John (Jack) Flynn was a very successful and long-serving TD for Kerry. A veteran of the War of Independence, he fought with the Sixth Battalion of the Kerry IRA and was involved in numerous engagements with the Crown forces, including an ambush just a stone’s throw from his home at Ballymacandy between Milltown and Castlemaine on 1 June 1921. During the Civil War, he took the anti-Treaty position and became politically involved, winning a seat on Kerry County Council in 1926. He was elected to the Dáil for Fianna Fáil in 1932 and developed a reputation as a diligent and hard-working deputy.
Despite a flourishing political career, ahead of the 1943 general election, Flynn was denied a nomination by Éamon de Valera and the Fianna Fáil leadership and was thrown out of the party.
Contemporary newspaper accounts do not record why but it was rumoured and alleged that Flynn, a bachelor, had been conducting a relationship with a young woman and that the couple had a child together. John O’Leary, later a Fianna Fáil TD for Kerry South recalls that the allegations – though never proven – reached the ears of De Valera who, it is claimed, was anxious to avoid any scandal. Flynn’s own supporters believed that the rumours were simply politically motivated and without foundation but they were enough to prevent Flynn receive an election nomination from his party.
Flynn managed to win his seat back five years later, in 1948, however, this time as an Independent candidate and with the support of Old IRA colleagues like his neighbour, Dan Mulvihill. John O’Leary noted that he also achieved the support of many in sporting circles including figures like Gerald Teahan from Keel who came on as a substitute for Kerry in the Polo Grounds in the 1947 All-Ireland and Dee O’Connor from Lawlor’s Cross near Killarney, a four-time All-Ireland winner. Flynn retained his seat in 1951 as an Independent and, after an apparent rapprochement, was readmitted to Fianna Fáil.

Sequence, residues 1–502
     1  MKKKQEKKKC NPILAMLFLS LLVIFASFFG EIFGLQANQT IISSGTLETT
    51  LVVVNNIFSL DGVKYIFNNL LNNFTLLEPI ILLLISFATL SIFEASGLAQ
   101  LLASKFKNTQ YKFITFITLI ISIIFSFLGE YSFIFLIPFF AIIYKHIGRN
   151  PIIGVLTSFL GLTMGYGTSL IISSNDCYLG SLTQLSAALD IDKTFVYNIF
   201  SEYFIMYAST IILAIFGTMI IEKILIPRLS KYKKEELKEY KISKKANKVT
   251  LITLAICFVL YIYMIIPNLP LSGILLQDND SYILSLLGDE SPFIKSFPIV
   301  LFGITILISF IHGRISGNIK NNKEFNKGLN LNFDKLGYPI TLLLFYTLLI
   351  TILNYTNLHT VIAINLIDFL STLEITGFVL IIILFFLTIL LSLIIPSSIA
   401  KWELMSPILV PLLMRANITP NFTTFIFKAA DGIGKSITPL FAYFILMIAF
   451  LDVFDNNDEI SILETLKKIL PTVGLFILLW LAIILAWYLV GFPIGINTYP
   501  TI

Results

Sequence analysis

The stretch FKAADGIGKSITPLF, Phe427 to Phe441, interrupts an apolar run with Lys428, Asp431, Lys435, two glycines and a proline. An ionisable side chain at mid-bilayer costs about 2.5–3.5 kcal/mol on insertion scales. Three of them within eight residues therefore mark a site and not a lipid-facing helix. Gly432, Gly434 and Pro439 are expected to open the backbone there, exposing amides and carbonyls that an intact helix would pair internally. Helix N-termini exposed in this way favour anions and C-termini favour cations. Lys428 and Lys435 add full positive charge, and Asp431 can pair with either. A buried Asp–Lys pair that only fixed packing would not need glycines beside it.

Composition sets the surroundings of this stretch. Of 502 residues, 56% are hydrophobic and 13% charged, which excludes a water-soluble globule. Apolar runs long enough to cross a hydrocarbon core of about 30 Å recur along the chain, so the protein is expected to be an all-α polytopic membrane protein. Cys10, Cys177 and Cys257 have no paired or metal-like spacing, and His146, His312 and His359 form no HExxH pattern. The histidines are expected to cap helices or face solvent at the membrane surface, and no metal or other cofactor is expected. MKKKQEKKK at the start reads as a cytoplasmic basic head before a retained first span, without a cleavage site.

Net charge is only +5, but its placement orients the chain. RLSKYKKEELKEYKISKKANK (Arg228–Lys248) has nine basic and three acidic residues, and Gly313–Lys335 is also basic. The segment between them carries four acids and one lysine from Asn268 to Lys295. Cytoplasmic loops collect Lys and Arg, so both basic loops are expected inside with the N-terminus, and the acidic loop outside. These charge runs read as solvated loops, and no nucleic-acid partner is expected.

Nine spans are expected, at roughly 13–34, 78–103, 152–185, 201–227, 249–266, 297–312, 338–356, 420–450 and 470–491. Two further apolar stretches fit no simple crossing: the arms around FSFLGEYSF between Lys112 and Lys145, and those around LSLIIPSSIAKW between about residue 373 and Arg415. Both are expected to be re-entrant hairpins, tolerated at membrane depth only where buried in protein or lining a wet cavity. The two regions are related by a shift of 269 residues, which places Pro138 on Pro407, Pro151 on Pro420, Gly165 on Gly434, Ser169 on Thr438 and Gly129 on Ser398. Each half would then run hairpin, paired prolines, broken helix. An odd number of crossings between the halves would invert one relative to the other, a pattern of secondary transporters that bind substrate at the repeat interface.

However, that wasn’t the end of the matter. During a Dáil debate on 31 January 1952, Flynn’s alleged misdemeanours became the focus of attention by a political opponent. When forthcoming legislation on adoption was referred to, the Laois-Offaly TD and conservative firebrand, Oliver J Flanagan suggested that Deputy Flynn would be ‘more qualified’ to comment on the matter. Flynn was not in the Dáil chamber at the time but was clearly informed about what had been said.
As Flanagan dined in the busy Dáil restaurant later that evening, he was approached by Flynn and challenged about his remarks. Flynn then caught hold of Flanagan, ‘turned him round, used a very offensive and obnoxious expression and struck him violently in the mouth.’
The matter was investigated by the Dáil’s Committee on Procedure and Privileges. The committee ruled that the use of violence in the precincts of Leinster House was ‘reprehensible in the extreme’ adding that ‘Deputy J. Flynn was guilty of contempt in taking, as it were, the law into his own hands in redress of a grievance properly a matter for the House itself.’
Despite the controversy, Jack Flynn retained his seat for Fianna Fáil at the general election of 1954 but he was dramatically unseated in 1957 when Sinn Féin won its first and only ever Dáil seat in Kerry South courtesy of John Joe Rice from Kenmare. Flynn died in Dublin on 22 August 1968.
For more see: A Century of Politics in the Kingdom: A County Kerry Compendium – Owen O’Shea
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Great piece, Owen.
Looking forward to the book.